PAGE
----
New EU findings call for an end to BPA in food packaging. How will the FDA respond? – Food, Drugs, Health, Life Sciences

European Union: New EU findings call for an end to BPA in food packaging. How will the FDA respond?

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Ever since I started practicing food and beverage law over three decades ago (sigh), the use of BPA in food packaging has been a controversial topic. For years, various groups have claimed that bisphenol-A, or BPA, an ingredient used in polycarbonate plastic and epoxy resins that is added to everything from Tupperware to liners in cans and bottle caps, can be leaking out of plastic and into food, leading to a myriad of health issues. The FDA has maintained that current levels of BPA in food packaging are safe.

The European Food Safety Agency recently released a report concluding that the new “safe level” of BPA exposure is about 5,000 times lower than what most Americans are exposed to. Based largely on these findings, a petition filed by the Environmental Defense Fund, Breast Cancer Prevention Partners, Clean Water Action/Clean Water Fund, Consumer Reports, Endocrine Society, Environmental Working Group, Healthy Babies Bright Futures, Dr. Maricel Maffini and Dr. Linda Birnbaum (the former director of the National Institute of Environmental Health Sciences and National Toxicology Program), calls on the FDA to limit BPA in food and other packaging food contact materials at less than 0.5 parts per trillion in food, which is lower than today’s tests can accurately detect. The next effect of such a limit would be to eliminate the use of BPA in food packaging.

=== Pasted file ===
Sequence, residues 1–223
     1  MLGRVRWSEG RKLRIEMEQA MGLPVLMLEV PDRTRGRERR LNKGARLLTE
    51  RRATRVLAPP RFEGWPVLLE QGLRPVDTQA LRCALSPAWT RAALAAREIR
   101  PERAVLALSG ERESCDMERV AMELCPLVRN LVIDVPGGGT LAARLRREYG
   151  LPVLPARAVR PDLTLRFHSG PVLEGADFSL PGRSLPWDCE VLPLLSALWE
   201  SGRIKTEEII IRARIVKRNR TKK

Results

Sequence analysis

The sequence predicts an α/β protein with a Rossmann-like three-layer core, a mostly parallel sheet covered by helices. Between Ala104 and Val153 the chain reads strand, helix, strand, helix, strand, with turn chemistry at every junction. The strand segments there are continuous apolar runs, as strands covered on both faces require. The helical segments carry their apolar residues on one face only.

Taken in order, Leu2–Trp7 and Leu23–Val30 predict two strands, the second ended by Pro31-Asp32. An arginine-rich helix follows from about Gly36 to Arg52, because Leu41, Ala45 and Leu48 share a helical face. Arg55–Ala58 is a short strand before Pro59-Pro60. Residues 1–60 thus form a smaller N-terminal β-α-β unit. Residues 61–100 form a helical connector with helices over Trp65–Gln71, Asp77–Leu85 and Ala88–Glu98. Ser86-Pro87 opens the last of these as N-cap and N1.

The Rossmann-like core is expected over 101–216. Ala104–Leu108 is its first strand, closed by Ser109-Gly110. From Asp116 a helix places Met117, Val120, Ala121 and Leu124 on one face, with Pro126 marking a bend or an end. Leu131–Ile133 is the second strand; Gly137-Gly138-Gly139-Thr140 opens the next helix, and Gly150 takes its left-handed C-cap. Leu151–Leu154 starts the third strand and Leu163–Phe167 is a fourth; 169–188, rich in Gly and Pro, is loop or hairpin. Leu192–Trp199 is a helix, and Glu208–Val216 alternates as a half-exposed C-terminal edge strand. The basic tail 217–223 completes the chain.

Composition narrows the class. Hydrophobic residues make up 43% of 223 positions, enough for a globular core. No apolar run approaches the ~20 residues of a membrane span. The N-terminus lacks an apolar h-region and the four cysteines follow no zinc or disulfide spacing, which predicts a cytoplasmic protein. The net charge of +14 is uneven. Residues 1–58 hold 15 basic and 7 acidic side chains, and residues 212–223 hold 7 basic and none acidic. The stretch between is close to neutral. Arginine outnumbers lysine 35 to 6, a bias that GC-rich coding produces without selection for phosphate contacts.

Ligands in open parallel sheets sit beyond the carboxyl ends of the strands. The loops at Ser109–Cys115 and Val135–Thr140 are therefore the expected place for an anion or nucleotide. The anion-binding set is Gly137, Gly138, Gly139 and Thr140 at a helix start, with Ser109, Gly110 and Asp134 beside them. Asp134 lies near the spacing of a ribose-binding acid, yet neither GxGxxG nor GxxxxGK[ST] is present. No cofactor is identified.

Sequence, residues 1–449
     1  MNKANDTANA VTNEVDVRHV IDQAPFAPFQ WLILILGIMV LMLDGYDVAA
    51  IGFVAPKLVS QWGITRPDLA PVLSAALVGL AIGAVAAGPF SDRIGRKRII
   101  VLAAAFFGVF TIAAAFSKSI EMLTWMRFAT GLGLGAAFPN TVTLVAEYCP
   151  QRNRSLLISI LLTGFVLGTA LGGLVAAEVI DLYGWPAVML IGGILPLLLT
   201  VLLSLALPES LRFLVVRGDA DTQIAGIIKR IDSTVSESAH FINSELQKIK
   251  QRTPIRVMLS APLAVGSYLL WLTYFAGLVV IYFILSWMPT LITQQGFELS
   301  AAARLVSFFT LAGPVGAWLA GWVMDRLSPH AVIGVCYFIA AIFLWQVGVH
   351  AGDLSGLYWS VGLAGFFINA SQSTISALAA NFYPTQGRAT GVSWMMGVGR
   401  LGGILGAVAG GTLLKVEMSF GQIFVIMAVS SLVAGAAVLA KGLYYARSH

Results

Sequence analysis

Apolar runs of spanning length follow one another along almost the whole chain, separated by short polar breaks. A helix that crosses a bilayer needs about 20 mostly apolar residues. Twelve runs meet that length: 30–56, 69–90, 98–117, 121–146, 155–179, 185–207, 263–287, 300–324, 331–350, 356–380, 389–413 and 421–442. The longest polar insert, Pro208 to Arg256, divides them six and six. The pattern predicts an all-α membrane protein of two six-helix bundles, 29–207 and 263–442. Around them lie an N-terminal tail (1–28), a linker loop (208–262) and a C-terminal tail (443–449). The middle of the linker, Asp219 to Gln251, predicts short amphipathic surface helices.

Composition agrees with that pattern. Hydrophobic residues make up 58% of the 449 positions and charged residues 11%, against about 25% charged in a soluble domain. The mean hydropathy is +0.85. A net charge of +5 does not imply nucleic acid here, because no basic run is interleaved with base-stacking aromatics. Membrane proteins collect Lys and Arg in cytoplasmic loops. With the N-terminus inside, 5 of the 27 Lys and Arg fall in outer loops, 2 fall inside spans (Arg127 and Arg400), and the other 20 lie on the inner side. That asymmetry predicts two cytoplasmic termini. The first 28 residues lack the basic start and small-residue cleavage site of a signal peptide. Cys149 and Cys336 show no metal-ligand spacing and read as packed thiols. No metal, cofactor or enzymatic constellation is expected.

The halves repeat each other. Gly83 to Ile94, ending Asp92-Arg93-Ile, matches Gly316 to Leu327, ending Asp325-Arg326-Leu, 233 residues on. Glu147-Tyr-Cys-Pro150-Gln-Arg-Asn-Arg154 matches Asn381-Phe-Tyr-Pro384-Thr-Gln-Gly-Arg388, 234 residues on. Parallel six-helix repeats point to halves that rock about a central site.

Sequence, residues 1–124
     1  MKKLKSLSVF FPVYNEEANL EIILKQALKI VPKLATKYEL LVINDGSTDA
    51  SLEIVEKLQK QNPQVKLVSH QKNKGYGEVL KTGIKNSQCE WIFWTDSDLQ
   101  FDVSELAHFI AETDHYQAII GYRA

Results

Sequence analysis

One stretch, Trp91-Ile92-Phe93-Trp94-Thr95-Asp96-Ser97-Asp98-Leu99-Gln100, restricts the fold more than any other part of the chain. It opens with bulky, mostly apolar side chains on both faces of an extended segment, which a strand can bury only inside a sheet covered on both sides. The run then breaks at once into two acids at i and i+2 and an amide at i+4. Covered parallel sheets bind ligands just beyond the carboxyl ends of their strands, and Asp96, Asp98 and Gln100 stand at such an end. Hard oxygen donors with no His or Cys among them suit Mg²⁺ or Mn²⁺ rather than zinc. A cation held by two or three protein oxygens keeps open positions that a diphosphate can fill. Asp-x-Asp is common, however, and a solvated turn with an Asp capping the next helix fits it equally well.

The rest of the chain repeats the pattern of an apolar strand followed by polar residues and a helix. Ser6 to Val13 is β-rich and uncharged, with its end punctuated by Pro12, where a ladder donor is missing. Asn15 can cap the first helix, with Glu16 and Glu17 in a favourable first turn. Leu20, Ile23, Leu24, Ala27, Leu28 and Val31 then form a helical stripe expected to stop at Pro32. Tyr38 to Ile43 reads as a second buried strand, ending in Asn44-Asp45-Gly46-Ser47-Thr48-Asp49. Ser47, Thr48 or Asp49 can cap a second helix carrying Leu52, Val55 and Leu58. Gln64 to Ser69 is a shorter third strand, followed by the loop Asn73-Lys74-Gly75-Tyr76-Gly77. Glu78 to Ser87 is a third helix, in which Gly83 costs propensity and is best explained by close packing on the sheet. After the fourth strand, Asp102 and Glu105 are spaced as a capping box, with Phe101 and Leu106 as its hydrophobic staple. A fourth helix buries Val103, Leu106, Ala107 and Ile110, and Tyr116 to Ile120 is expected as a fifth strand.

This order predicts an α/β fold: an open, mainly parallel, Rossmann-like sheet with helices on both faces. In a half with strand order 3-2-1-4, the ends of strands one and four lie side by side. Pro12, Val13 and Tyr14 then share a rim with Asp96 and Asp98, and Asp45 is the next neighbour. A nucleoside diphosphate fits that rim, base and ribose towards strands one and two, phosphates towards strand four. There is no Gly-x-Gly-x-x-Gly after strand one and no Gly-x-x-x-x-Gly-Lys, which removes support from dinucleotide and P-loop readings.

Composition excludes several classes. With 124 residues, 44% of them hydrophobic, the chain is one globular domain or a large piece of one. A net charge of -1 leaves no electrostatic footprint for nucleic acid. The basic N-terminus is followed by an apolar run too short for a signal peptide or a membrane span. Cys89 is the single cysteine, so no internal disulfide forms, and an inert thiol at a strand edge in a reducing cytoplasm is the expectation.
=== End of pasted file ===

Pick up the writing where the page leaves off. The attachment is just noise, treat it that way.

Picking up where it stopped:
Because this isn’t the first time calls have been made to ban BPA in food packaging, there’s a part of me that wants to say “I’ve seen that movie before.” This time, however, I don’t know how it will end. The EFSA data appears to be powerful and the EU is likely to ban BPA in food packaging in the short term. Will the FDA follow suit? Like others in the food and drink business, I’ll be keeping a close eye on this new iteration of a long-running controversy.

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